CONCLUSION: Many people complain about the time it takes for a good root cause analysis. But most excessive delays have nothing to do with the root cause analysis process that is chosen. Excessive delays are usually political, due to uncooperative participants, or regulatory red tape. 

Spin A Cause

Don’t try to save time on an investigation by picking the fastest root causes analysis tool (for example … Spin-a-Cause™), rather pick an advanced root cause analysis tool (TapRooT®) that will get you superior results in a reasonable amount of time and effort. 

One more idea…

Learn from smaller but significant incidents to avoid major accidents that have huge public relations and regulatory complications. Learning from smaller incidents can be much faster and save considerable headaches and money. 

What does a bad day look like?

July 18th, 2017 by

 

It could look like this but objects may be closer than they appear.  Read the story behind this photo on the Times Colonist.

What is the Root Cause of the USS Fitzgerald Collision?

July 17th, 2017 by

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As a root cause analysis expert and former US Navy Officer who was qualified as a Surface Warfare Officer (SWO) and was qualified to stand underway steaming Officer of the Deck watches, I’ve had many friends ask me what was the root cause of the collision of the USS Fitzgerald.

Of course, the answer is that all the facts aren’t yet in. But that never keeps us from speculation…

But before I speculate, let’s honor the seven crew members who died as a result of this accident: Dakota Kyle Rigsby. Shingo Alexander Douglass. Ngoc T Truong Huynh. Noe Hernandez. Carlos Victor Ganzon Sibayan. Xavier Alec Martin. Gary Leo Rehm Jr.

Also, let’s note that the reason for good root cause analysis is to prevent fatalities and injuries by solving the problems discovered in an accident to keep a similar repeat accident from happening in the future.

Mia Culpa: It’s been a long time since I stood a bridge watch. I’m not familiar with the current state of naval readiness and training. However, my general opinion is that you should never turn in front of a containership. They are big. Even at night you can see them (commercial ships are often lit up). They are obvious on even a simple radar. So what could have gone wrong?

1. It was the middle of the night. I would bet that one thing that has not changed since I was in the Navy is FATIGUE. It would be interesting to see the Oficer of the Deck’s and the Conning Officer’s (if there was one) sleep schedule for the previous seven days. Fatigue was rampant when I was at sea in the navy. “Stupid” mistakes are often made by fatigued sailors. And who is to blame for the fatigue? It is built into the system. It is almost invisible. It is so rampant that no one even asks about it. You are suppose to be able to do your job with no sleep. Of course, this doesn’t work.

2. Where was the CO? I heard that the ship was in a shipping lane. Even though it was the middle of the night, I thought … where was the Commanding Officer? Our standing orders (rules for the Officer of the Deck) had us wake the CO if a contact (other ship) was getting close. If we had any doubt, we were to get him to the bridge (usually his sea cabin was only a couple of steps from the bridge). And the CO’s on the ships I was on were ALWAYS on the bridge when we were in a shipping lane. Why? Because in shipping lanes you are constantly having nearby contacts. Sometimes the CO even slept in their bridge chair, if nothing was going on, just so they would be handy if something happened. Commander Benson (the CO) had only been in his job for a month. He had previously been the Executive Officer. Did this have any impact on his relationship with bridge watchstanders?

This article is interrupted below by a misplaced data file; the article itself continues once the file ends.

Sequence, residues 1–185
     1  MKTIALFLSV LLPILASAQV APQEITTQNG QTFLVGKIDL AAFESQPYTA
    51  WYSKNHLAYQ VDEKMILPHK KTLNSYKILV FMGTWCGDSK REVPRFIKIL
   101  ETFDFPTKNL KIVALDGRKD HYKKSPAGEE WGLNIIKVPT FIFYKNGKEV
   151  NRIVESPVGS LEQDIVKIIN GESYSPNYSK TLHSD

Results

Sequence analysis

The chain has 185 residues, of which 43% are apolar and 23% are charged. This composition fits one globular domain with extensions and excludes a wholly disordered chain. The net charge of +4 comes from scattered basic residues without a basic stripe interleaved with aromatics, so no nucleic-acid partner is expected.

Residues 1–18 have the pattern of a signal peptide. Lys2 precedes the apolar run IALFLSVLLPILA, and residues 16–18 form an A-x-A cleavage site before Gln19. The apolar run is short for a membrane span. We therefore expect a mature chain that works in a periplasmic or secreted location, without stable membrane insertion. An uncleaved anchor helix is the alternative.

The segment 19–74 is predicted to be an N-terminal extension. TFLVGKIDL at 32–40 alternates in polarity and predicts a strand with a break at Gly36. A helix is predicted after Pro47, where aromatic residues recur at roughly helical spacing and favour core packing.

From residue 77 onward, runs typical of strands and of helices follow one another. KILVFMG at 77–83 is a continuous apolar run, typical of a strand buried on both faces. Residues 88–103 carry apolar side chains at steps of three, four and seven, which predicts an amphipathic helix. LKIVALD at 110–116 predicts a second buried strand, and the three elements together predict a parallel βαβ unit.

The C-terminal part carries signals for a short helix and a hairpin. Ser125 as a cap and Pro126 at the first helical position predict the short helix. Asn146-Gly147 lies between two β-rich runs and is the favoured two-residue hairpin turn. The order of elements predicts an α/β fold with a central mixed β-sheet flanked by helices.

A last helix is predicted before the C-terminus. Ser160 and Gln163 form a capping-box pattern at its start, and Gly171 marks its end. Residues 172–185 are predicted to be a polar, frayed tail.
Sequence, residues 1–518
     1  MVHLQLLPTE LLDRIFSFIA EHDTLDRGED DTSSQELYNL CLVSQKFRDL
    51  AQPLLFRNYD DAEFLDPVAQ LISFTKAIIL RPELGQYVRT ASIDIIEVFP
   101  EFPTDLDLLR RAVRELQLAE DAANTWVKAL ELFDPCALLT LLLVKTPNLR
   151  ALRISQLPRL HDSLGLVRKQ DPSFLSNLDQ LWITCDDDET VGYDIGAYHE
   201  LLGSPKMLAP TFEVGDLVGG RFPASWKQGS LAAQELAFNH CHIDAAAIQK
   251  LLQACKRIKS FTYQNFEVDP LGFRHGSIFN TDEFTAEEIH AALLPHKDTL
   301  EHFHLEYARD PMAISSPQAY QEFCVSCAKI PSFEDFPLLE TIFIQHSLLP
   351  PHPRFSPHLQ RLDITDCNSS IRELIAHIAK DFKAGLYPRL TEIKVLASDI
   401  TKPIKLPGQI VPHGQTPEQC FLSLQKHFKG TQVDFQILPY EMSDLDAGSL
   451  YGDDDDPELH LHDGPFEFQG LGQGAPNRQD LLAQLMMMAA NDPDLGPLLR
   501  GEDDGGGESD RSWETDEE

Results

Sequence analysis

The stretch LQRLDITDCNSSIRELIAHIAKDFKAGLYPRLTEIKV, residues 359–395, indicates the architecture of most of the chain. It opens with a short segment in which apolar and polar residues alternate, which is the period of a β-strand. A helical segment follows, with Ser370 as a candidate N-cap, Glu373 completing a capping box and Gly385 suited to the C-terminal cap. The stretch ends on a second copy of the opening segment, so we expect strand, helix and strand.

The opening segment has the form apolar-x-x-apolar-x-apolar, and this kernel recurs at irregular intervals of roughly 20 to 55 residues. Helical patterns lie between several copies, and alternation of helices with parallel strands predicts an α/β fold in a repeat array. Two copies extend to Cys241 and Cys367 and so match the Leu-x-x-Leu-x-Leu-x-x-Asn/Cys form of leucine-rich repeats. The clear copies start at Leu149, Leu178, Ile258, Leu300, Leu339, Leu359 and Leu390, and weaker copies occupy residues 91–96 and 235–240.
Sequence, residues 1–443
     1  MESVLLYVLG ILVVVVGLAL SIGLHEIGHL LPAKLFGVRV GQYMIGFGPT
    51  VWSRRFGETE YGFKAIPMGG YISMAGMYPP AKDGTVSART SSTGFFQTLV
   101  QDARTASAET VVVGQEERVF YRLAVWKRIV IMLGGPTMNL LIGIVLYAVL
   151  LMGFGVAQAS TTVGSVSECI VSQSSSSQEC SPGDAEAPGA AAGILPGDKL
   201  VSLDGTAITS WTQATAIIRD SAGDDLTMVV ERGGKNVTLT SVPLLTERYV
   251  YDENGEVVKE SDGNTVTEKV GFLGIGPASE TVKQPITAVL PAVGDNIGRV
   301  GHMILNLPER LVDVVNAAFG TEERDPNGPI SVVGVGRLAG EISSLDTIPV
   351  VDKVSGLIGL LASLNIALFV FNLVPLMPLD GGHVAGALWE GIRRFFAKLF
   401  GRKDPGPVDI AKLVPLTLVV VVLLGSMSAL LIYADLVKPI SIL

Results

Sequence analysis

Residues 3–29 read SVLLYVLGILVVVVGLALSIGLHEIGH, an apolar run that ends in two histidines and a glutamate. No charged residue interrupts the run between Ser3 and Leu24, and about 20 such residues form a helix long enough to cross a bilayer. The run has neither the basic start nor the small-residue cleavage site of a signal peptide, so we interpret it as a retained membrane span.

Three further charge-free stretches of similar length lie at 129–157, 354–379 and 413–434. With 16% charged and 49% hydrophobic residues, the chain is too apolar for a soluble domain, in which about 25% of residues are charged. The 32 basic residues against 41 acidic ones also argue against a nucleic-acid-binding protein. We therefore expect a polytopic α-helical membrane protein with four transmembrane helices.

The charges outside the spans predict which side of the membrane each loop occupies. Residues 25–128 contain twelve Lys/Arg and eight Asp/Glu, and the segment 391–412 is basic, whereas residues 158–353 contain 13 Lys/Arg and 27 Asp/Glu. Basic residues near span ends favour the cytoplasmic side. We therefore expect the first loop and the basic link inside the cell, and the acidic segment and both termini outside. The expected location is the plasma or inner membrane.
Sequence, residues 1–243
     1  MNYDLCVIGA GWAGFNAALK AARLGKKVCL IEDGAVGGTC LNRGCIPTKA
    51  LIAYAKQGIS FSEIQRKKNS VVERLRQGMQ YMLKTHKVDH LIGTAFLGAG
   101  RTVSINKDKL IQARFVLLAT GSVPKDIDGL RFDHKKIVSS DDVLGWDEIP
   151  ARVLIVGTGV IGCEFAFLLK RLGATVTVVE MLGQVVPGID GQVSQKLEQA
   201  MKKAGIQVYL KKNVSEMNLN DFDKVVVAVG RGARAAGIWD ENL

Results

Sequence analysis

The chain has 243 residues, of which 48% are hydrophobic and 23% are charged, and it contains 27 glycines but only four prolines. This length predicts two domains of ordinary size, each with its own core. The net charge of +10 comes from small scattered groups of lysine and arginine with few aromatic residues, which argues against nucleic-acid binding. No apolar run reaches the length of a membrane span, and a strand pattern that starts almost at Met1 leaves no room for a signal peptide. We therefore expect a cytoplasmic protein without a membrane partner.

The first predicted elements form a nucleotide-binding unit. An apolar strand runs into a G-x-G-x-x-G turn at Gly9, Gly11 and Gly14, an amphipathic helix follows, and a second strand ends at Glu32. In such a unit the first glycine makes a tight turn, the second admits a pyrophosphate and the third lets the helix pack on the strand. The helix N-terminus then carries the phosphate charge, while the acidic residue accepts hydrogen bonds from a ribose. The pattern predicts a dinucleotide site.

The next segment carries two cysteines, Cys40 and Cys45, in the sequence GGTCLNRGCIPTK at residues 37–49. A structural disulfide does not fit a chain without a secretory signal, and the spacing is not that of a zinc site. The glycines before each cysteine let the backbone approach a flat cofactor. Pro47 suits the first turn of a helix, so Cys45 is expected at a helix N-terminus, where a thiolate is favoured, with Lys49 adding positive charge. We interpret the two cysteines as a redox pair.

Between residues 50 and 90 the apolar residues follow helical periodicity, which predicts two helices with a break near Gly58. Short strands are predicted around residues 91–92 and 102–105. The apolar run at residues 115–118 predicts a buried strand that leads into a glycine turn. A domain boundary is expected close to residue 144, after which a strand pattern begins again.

3. Where was the CIC watch team?  On a Navy ship you have support. Besides the bridge watch team, you are supported by the Combat Information Center. They constantly monitor the radars for contacts (other ships or aircraft) and they should contact the Officer of the Deck if they see any problems. If the OOD doesn’t respond … they can contact the Commanding Officer (this would be rare – I never saw it done). Why didn’t they intervene?

4. Chicken of the Sea. Navy ships are notorious for staying away from other ships. Many Captains of commercial shipping referred to US Navy ships as “chickens of the sea” because they steered clear of any other traffic. Why was the Fitzgerald so close to commercial shipping?

5. Experience. One thing I always wonder about is the experience of the crew and especially the officers on a US Navy ship. Typically, junior officers stand Officer of the Deck watches at sea. They have from a two to three year tour of duty and standing bridge watches is one of many things they do. Often, they don’t have extensive experience as an Officer of the Deck. How much experience did this watch team have? Once again, the experience of the team is NOT the team’s fault. It is a product of the system to train naval officers. Did it play a factor?

6. Two crews. The US Navy is trying out a new way of manning ships with two crews. One crew is off while the other goes to sea. This keeps the ship on station longer than a crew could stand to be deployed. But the crew is less familiar with the ship as they are only on it about 1/2 the time. I read some articles about this and couldn’t tell if the USS Fitzgerald was in this program or not (the program is for forward deployed ships like the Fitzgerald). Was this another factor?